When did it finally hit you that you destroyed the very thing you cherished about your BS’s connection with you?
My IC tells me I don’t have to continually remind my husband that he destroyed my feeling of safety and the reminders (please don’t bash the therapist I actually agree that the manner in which I do it isn’t healthy for any of us) because the WS won’t ever forget the magnitude of their screw up.
If I sigh or a tear begins to well up in my eyes because my favorite song comes on the radio that expresses undying love and I switch it off he feels so low. I just can’t listen anymore.
If your spouses pain never leaves how to you handle your pain from that?
This is a tough one.
That first year is a bumpy ride. Your therapist is asking you to try and be more productive in your communication, rather than just going on a tirade I suppose?
That's asking a lot. But, I wouldn't take it as you can't discuss your feelings, ask questions, etc.
Your WS is in IC I take it? He should be working towards healing his shame, finding some self-compassion, and changing his behaviors to the person he can be proud of.
What you are talking about is your WS's shame over what he has done. Shame was a difficult hurdle for me because I had accumulated shame through my life and it was one of the things that kept me from having a good relationship with myself. One could actually trace that shame probably had a lot to do with my conflict avoidance, people pleasing. And, ultimately feeling worthy of the relationship I had with my husband. Self worth is a very hard foundation to build.
So, I do see how from a WS perspective we do have to have some room to work through that.
However, I think it's natural for that to also collide with a BS's need to grasp what has happened, to be able to express their feelings about it, and they are sadly scouring the ashes of what we burned down to find some semblance of security. Some of that security has to come from the WS being able to acknowledge the pain they caused and take full accountability. Shame keeps us from fully doing that because we are used to being avoiders.
This is why getting to the point that you are beginning R is so hard. R can't begin until the WS has healed to a certain degree, and the BS has healed to a certain degree. Until then both people are mostly just reacting and that doesn't help feelings of bonding or security.
I think you have to concentrate on your path and he has to fix his own. It's perfectly fine for the therapist to help you communicate your feelings more effectively rather than staying in a place where you are berating. At some point all BS who are trying to successfully R do have to make that transition. At the same time, you should not feel shut down from being authentic. Not being able to listen to a love song is normal. Not wanting to celebrate birthdays, anniversaries, other holidays also very normal. That is not punishment, that is natural consequences.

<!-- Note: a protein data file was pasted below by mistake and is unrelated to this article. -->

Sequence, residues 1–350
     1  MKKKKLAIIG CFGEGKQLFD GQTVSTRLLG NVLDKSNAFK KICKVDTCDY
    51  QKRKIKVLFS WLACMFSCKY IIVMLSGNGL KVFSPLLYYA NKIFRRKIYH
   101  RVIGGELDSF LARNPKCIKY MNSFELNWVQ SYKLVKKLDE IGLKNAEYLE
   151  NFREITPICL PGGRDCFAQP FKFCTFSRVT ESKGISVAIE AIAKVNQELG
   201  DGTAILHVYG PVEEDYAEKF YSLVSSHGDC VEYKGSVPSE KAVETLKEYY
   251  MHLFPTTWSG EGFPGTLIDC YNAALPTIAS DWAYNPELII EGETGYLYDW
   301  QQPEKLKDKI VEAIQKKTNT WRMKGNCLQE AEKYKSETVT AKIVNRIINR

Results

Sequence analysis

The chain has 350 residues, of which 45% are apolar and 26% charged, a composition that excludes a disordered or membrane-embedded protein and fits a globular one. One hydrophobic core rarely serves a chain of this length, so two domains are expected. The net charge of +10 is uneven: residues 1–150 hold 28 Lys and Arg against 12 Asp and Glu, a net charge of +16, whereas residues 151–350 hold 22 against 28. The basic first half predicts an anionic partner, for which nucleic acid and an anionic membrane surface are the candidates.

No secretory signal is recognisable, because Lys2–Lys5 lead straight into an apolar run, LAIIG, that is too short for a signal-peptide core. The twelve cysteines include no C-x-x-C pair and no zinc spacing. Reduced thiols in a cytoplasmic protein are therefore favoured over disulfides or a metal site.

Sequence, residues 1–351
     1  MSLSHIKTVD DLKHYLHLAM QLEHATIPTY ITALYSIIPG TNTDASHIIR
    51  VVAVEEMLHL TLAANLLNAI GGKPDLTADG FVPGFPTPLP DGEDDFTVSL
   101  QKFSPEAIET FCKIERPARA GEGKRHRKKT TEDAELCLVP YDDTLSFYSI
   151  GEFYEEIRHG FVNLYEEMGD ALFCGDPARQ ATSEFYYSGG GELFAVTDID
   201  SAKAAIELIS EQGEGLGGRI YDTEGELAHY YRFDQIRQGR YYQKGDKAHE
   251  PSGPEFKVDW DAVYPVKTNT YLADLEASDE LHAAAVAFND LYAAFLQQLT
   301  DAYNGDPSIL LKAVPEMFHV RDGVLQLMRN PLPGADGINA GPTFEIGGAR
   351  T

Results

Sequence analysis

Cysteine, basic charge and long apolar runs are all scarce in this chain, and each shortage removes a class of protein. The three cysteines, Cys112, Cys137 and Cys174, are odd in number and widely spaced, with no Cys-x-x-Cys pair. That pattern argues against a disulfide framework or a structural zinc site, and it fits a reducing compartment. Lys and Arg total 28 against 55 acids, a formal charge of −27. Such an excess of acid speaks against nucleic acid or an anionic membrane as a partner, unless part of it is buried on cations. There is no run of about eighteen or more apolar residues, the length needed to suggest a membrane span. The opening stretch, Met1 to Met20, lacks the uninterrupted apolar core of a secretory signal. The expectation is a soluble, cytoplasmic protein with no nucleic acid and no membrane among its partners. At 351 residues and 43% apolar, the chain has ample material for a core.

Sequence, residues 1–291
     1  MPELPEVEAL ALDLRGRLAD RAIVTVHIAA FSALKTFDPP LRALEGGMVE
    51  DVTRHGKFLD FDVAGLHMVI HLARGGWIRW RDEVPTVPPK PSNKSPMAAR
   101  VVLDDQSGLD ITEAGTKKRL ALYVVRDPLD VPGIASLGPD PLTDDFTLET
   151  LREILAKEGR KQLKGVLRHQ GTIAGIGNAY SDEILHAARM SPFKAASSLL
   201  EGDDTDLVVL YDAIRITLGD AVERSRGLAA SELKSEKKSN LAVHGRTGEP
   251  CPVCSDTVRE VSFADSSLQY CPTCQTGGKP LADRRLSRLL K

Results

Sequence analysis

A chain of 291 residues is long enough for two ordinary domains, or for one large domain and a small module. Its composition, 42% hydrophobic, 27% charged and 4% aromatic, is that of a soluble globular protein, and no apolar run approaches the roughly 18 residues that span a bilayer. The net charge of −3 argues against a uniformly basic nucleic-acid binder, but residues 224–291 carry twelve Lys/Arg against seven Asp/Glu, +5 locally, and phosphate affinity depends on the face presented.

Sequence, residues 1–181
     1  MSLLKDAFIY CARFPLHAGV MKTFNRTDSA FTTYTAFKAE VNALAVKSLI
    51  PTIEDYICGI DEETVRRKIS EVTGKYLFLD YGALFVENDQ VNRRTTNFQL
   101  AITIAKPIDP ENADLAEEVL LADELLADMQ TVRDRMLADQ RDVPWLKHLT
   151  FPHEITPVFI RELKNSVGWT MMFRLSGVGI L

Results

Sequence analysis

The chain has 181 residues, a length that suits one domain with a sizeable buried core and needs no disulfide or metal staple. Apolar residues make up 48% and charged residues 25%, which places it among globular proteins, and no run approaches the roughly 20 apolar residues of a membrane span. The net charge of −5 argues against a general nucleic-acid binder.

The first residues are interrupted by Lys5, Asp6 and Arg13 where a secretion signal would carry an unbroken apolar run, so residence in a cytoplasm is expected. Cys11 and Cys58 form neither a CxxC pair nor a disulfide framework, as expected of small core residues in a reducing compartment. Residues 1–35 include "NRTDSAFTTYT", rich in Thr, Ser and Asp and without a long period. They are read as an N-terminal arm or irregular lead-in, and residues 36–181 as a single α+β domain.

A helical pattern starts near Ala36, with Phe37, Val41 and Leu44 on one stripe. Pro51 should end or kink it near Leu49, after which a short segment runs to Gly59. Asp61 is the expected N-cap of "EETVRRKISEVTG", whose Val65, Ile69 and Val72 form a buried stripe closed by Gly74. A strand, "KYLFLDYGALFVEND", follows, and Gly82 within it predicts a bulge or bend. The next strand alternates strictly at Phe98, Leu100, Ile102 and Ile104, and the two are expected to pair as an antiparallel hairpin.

You can figure out strategies on your communication, nothing wrong with that - but he has to figure out his own way out of shame. You are not in control of his shame. And, by stuffing your feelings you would not be doing yourself or him any favors. You can't rugsweep so he doesn't feel shame.
You can change some of your ways of communicating, but in many ways that helps you as well. I tend to think that when we are lashing out that it hurts how we see ourselves. It becomes a pattern and one we don't enjoy. It makes you feel guilty when you shouldn't be having guilt. So, being able to say things differently in many ways helps you build your own self-compassion and self-respect.
I would focus on your own benefits of changing the behavior from tirades (I am assuming) to more productive ways of communicating. I would focus less on hurting his feelings or stirring up his shame because it's him who is responsible for that.
Shame, guilt, regret, are how we feel about what we did, or who we are. Remorse is about how we feel about what we did to someone else. I find remorse to be more advanced because to take someone else in you can no longer fill the entire space with just how you feel. There is a tendency to avoid empathy in that state. And, your tirades or berating (again guessing) is probably because that lack of empathy is triggering you. I don't disagree with the MC, but I would argue both of you might benefit from stopping MC and going to IC for a little while longer.
I had done IC for almost a year before we did MC. The truth is we didn't need as many MC sessions because I had done a lot of work on myself prior. Just some observations from my own experience YMMV.
[This message edited by hikingout at 10:20 AM, October 7th (Wednesday)]